Yellow gerber daisies fill the foreground, while pine trees dangling pollen fill the background
Daisies and pine trees, both visible in this image, display and disperse their pollen during the spring. Photograph by Frankie Marchan

What exactly is pollen? 

We know pollen as the yellow coating on outdoor surfaces during springtime, and we know that it causes seasonal allergies for some of us. (See Pollen Allergies | and Fall Fever – The Pipettepen for more on the science behind seasonal allergies.) But what is pollen, and why and how do plants produce it? 

Pollen is essential to plant reproduction.

Most plants can engage in asexual or sexual reproduction. Asexual plant reproduction results in the growth of a genetic clone of the parent plant. This can occur in the form of growth from a vegetative portion of the plant (leaf, stem, or root) or in the form of growth from an unfertilized gamete (pollen or ovules). While asexual reproduction can generate more plants more quickly, a lack of genetic diversity can be risky in an ever-changing environment. Sexual plant reproduction occurs when the male and female components of a plant species combine to form a genetically distinct seed. Most flowering plants even have mechanisms by which they minimize self-fertilization, further enhancing the species’ genetic diversity. 

Sexual plant reproduction relies on pollination, the process by which the male and female reproductive components of a plant are brought together. Some pollination occurs by wind and other pollination events rely on animals (typically insects) to transport pollen between plants of the same species. Insects that eat nectar may pick up pollen that they subsequently deposit on the next flower they visit. 

A diagram of flowering plant reproductive anatomy. The green sepal sits below the yellow petal. The gynoecium extends up the center of the flower, consisting of the ovule-containing ovary, the style, and the stigma. Two stamens are on either side of the gynoecium, each consisting of a filament and a pollen-containing anther.
A diagram of flowering plant reproductive anatomy. The female reproductive parts of the flower include the ovule-containing ovary, the stalk-like style, and the pollen-receiving stigma. The stamens are the male reproductive part of the flower, consisting of stalk-like filaments and pollen-containing anthers. Image from CNX OpenStax Biology Textbook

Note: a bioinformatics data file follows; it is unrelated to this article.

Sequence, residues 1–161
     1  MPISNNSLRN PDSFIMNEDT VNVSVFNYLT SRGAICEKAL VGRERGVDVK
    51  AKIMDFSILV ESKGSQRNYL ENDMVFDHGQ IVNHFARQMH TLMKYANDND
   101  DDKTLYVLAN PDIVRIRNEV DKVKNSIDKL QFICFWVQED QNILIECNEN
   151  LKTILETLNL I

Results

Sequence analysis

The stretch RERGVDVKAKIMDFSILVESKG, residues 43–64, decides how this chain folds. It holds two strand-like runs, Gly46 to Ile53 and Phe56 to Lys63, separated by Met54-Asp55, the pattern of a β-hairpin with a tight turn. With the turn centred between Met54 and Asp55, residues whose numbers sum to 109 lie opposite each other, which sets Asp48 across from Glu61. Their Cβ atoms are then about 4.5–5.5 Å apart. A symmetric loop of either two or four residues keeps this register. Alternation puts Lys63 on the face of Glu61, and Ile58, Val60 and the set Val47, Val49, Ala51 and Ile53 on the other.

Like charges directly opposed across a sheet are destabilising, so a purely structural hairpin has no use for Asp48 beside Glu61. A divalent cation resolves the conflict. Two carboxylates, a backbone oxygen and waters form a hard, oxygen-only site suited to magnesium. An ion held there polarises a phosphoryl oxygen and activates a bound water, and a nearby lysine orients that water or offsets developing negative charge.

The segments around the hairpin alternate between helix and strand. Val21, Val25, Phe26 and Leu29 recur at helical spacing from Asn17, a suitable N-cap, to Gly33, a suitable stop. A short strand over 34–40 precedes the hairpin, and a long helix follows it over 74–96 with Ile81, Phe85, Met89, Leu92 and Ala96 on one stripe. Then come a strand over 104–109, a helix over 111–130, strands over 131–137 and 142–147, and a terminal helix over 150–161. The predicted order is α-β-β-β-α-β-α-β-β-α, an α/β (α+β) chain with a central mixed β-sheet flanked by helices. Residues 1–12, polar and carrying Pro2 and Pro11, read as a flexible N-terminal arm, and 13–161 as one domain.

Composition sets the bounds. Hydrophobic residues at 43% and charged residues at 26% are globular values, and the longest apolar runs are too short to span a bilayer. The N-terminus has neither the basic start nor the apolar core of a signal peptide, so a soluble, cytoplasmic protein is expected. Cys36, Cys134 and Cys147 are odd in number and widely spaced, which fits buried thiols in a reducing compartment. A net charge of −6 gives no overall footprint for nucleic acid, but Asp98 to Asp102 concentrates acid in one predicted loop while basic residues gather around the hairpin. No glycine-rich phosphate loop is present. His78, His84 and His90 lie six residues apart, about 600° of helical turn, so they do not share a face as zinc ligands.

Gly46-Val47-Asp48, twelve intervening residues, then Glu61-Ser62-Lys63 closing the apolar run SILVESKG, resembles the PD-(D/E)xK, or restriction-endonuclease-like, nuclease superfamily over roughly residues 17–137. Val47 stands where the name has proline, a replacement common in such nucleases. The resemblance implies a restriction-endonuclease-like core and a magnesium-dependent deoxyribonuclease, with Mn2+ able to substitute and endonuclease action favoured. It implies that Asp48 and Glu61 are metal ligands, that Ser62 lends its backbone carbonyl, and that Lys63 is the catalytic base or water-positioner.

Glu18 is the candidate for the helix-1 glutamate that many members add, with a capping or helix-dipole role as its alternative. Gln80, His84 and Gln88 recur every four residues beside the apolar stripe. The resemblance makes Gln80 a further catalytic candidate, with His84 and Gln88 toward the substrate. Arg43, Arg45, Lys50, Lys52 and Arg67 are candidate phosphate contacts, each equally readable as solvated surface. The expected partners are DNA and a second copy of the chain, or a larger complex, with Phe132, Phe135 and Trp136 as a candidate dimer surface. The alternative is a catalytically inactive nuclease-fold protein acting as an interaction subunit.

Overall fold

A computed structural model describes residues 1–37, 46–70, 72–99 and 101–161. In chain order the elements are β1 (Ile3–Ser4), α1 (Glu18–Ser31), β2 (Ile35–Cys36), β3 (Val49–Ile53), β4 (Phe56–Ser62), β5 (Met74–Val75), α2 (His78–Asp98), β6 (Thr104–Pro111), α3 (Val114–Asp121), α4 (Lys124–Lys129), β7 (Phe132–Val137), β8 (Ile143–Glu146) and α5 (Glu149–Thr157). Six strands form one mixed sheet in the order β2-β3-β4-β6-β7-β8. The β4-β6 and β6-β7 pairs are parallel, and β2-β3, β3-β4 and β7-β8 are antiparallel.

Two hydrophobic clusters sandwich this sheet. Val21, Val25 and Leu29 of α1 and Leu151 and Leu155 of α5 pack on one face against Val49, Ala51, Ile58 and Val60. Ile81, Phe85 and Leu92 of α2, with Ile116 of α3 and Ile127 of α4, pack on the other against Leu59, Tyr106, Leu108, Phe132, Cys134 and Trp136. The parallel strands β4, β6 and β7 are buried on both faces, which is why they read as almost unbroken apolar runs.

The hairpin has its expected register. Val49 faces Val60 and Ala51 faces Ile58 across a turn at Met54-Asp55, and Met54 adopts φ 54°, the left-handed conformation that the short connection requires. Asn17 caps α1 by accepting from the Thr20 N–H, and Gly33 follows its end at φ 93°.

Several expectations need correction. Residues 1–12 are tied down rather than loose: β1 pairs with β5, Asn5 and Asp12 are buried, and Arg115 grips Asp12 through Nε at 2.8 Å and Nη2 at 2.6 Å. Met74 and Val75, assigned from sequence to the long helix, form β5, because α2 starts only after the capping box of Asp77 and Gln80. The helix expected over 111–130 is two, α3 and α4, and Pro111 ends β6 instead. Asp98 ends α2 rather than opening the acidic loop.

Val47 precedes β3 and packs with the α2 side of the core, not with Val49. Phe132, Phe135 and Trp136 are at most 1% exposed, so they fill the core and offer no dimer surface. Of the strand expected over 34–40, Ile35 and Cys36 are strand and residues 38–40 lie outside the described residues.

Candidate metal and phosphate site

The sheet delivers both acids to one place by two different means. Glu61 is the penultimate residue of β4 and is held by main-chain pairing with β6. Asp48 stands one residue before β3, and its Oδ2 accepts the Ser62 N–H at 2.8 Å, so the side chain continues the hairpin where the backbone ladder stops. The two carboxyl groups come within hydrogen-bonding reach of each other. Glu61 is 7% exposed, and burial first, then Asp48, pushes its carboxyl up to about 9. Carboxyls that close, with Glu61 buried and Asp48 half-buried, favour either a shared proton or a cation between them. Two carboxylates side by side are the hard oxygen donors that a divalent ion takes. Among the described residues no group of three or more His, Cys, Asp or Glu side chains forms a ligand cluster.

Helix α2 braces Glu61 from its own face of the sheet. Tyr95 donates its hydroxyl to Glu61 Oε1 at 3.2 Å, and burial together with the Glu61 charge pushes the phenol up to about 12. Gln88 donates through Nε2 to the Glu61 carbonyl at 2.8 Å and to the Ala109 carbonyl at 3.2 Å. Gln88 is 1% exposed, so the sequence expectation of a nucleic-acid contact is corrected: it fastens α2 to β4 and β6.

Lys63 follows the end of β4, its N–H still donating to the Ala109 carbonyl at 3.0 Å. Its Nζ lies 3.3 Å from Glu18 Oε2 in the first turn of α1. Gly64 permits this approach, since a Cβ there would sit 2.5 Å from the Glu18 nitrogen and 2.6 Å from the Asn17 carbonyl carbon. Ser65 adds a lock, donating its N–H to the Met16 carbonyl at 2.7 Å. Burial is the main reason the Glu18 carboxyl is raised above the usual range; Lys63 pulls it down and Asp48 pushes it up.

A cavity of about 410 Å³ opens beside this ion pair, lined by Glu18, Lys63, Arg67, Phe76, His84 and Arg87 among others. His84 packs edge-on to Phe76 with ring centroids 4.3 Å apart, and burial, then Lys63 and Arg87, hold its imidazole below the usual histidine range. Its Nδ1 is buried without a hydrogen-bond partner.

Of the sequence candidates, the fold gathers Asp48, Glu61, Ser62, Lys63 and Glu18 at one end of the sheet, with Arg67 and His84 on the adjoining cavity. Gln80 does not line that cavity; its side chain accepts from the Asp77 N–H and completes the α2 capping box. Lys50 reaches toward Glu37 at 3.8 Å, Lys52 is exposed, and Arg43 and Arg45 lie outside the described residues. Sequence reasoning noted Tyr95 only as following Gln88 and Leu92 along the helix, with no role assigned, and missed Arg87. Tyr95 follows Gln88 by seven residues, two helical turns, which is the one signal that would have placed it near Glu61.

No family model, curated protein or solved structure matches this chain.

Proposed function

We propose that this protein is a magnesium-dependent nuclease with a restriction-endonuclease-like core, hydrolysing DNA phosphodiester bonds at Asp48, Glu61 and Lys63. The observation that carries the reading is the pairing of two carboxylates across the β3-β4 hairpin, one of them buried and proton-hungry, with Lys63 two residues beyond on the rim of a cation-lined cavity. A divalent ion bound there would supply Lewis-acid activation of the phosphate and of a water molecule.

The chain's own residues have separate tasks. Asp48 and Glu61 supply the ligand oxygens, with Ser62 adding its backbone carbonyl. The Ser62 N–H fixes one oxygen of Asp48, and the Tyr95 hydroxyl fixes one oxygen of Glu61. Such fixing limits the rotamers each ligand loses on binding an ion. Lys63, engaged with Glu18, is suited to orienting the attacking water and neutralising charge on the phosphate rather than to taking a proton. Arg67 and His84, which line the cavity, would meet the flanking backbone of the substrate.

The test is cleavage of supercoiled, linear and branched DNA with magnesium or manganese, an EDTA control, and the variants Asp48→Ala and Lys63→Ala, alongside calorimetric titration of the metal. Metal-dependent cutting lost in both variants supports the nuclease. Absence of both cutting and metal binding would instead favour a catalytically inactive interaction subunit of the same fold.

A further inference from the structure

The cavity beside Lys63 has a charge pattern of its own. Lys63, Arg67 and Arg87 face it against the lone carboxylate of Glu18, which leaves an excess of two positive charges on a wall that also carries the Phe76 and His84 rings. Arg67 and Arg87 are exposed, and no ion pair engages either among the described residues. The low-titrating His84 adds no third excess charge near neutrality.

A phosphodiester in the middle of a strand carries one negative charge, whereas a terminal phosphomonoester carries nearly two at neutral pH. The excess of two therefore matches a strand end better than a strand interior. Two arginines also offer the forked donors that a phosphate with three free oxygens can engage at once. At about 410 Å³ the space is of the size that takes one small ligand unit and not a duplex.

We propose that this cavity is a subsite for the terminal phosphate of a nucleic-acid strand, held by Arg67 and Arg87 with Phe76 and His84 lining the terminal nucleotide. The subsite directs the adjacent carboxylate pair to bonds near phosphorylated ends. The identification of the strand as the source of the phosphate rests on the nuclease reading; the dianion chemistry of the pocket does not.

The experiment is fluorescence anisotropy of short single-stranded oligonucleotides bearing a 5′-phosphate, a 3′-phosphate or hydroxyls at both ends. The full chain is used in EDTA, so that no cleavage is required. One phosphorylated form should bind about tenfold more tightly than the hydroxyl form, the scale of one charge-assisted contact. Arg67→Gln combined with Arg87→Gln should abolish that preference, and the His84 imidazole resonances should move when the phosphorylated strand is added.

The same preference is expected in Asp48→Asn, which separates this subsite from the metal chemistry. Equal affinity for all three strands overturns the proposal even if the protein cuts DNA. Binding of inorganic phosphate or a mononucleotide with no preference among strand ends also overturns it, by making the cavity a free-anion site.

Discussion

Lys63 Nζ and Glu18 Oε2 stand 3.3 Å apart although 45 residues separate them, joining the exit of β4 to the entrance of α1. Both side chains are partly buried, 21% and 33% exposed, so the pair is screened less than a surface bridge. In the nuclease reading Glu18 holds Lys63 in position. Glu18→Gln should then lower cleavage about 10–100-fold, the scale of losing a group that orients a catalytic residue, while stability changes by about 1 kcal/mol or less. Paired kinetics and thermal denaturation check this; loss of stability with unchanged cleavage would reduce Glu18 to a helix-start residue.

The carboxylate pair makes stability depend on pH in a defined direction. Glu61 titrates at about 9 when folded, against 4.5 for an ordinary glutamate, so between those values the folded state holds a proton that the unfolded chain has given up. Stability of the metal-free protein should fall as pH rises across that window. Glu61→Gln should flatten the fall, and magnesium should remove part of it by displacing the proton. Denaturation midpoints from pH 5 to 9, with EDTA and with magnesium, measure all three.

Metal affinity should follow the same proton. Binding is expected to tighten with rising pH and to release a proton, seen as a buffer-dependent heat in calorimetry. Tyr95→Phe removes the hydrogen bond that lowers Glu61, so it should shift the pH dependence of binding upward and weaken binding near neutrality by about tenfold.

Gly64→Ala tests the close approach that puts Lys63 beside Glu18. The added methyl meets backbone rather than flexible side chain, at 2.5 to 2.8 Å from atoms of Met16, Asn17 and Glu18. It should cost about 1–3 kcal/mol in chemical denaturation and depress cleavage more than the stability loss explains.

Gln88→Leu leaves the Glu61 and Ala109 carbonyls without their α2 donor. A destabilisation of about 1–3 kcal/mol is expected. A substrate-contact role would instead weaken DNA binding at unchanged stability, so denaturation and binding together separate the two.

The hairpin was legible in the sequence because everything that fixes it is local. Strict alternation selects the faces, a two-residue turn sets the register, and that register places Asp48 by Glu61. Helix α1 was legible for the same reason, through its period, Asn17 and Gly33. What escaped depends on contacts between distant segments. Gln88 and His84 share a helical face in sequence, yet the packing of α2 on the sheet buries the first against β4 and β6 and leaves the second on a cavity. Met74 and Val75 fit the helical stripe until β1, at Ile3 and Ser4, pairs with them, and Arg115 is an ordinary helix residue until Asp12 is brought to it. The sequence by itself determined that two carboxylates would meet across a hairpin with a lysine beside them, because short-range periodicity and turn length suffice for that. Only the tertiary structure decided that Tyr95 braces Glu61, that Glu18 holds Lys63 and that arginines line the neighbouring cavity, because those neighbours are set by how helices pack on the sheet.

Depending on the variety of flowering plant, the center of a flower may contain either or both male and female reproductive components. The male part, called the stamen, consists of a stalk called the filament and a pollen-producing anther. The female part, called the pistil, consists of an ovary, a stalk called a style, and a pollen-receiving stigma

A pollen grain contains one or two reproductive cells and one or two vegetative cells. The reproductive cell produces the plant version of sperm (a non-motile male gamete lacking the flagellum characteristic of animal sperm). When the pollen grain interfaces with the female stigma, the vegetative cell forms a pollen tube that extends down the style and into the ovary, to deposit the male reproductive cell among the female gametes (ovules). The pollen and egg combine to form a seed, which is a plant’s embryonic stage. 

Upon contact with the stigma, the pollen grain polarizes and begins to elongate. The tip of the pollen tube has a higher concentration of calcium ions and specialized lipids that help orient the intracellular machinery for tube elongation. In order to extend the pollen tube, cell wall components are delivered to the pollen tube tip, carried in lipid-bound compartments that fuse with the plasma membrane and expand the cell wall.

A diagram illustrating the life cycle of a confer. At the top of the image, a tree and pinecones are depicted, with arrows indicating the origin of the plant's reproductive components. Ovule development is shown on the left side of the diagram, while pollen development is shown on the right side of the diagram. At the bottom of the image, an elongated pollen grain interacts with the ovule attached to the pinecone.
Diagram of the reproductive process of a conifer, which is an example of a non-flowering plant. Elongated pollen grains interact with ovules housed within the pinecone. Image from SiliconProphet

Though the specific anatomy varies, non-flowering plants have a similar pollination process for sexual reproduction. According to Hopkins Medicine, non-flowering plants (like trees and grasses) are more likely to rely on wind for pollination, so they produce a finer, airborne pollen that is more likely to cause allergies than the waxier pollen produced by flowering plants. While pollen may seem to be a seasonal nuisance, it is an essential part of the plant life cycle, and we rely on these plants for food, oxygen, and other materials. 


Peer editor: Molly Parrish

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